Guilbeau: Manufacturers, suppliers and integrators alike are recognizing the need to stay in the game by developing and delivering sophisticated services consumers are demanding. Park Associates’ research estimates that between 10% to 20% of installing security contractors are expanding their portfolios beyond traditional security. Key areas include entertainment installation, remote video monitoring and automation offerings. These new areas can present an operational challenge from the perspective of making sure technicians are educated and trained to install and service these systems. To help lead the security industry through this transition phase, ESA has formed a task force of manufacturers, service providers and integrators whose mission it is to help raise awareness about this new area of growth while providing guidance, training and advice to dealers who may just be starting to offer enhanced services. One of the outcomes of the task force has been development of a training curriculum through ESA’s National Training School to serve as an educational resource for companies to ramp up their technician’s knowledge about these new technologies.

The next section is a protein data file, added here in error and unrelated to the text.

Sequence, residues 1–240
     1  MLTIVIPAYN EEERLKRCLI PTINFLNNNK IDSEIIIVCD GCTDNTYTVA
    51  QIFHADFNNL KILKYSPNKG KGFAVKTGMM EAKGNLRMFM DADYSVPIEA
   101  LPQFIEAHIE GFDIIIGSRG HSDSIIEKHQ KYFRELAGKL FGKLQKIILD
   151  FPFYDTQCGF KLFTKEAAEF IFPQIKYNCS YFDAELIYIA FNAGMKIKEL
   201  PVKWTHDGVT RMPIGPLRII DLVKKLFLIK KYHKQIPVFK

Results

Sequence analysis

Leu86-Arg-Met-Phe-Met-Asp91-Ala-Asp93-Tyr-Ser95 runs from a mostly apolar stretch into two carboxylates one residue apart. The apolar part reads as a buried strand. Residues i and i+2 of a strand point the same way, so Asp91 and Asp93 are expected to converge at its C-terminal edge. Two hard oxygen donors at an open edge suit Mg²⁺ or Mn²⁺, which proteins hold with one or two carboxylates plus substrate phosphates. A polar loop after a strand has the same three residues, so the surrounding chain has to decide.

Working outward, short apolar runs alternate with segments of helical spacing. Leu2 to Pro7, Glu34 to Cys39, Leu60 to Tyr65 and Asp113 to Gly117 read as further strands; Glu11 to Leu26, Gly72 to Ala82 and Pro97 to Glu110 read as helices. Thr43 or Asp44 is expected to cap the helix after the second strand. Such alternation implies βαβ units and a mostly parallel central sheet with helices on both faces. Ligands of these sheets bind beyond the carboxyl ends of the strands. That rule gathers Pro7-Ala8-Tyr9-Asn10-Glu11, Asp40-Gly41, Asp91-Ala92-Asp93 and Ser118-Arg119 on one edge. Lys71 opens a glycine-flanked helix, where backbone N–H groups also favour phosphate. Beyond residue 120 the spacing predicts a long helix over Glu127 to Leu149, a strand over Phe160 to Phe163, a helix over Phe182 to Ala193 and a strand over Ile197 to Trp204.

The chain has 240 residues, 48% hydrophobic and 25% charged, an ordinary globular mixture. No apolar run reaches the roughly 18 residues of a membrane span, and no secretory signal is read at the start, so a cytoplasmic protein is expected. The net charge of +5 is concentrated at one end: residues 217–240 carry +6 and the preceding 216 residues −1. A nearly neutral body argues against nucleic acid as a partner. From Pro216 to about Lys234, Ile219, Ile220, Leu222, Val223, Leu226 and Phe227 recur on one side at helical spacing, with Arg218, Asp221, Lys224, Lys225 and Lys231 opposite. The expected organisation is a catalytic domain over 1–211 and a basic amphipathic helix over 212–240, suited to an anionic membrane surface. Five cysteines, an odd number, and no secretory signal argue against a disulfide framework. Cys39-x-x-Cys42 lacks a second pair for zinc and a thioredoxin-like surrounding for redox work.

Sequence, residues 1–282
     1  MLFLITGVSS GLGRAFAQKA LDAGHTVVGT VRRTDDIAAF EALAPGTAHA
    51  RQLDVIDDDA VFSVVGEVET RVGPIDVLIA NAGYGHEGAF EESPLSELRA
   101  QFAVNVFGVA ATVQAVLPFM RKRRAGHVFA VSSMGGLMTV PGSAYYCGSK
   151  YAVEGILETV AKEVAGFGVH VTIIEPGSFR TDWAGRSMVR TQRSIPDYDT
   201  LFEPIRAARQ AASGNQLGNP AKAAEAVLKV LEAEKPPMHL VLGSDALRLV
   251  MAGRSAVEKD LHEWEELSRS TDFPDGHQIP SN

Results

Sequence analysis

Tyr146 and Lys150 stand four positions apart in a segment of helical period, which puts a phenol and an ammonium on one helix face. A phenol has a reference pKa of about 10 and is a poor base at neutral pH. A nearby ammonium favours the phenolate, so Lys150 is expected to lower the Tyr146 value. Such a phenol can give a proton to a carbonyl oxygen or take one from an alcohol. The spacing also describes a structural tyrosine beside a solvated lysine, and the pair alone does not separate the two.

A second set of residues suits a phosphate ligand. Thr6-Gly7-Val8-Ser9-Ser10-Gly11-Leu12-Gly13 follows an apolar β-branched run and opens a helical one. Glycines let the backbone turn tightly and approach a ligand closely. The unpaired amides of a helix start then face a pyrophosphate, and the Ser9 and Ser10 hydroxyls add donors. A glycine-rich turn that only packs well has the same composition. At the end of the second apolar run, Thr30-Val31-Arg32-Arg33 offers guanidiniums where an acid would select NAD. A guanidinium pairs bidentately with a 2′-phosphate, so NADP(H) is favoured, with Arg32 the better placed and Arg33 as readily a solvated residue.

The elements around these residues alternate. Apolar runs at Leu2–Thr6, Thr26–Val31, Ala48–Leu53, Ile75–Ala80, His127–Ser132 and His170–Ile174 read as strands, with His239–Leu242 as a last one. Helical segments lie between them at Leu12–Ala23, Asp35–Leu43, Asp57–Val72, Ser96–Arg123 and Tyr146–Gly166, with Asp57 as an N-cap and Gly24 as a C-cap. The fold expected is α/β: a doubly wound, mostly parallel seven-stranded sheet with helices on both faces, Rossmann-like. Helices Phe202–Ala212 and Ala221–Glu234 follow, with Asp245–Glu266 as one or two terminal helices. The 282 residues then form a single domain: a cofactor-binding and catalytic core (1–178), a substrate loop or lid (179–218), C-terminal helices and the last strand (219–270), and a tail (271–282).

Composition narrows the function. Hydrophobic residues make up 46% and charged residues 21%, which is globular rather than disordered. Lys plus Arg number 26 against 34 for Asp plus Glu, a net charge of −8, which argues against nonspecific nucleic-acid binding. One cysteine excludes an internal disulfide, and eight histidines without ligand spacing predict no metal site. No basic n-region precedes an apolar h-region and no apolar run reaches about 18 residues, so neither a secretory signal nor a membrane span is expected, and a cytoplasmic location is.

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About the Author


Scott Goldfine is Editor-in-Chief and Associate Publisher of Security Sales & Integration. Well-versed in the technical and business aspects of electronic security (video surveillance, access control, systems integration, intrusion detection, fire/life safety), Goldfine is nationally recognized as an industry expert and speaker. Goldfine is involved in several security events and organizations, including the Electronic Security Association (ESA), Security Industry Association (SIA), Security Industry Alarm Coalition (SIAC), False Alarm Reduction Association (FARA), ASIS Int'l and more. Goldfine also serves on several boards, including the SIA Marketing Committee, CSAA Marketing and Communications Committee, PSA Cybersecurity Advisory Council and Robolliance. He is a certified alarm technician, former cable-TV tech, audio company entrepreneur, and lifelong electronics and computers enthusiast. Goldfine joined Security Sales & Integration in 1998.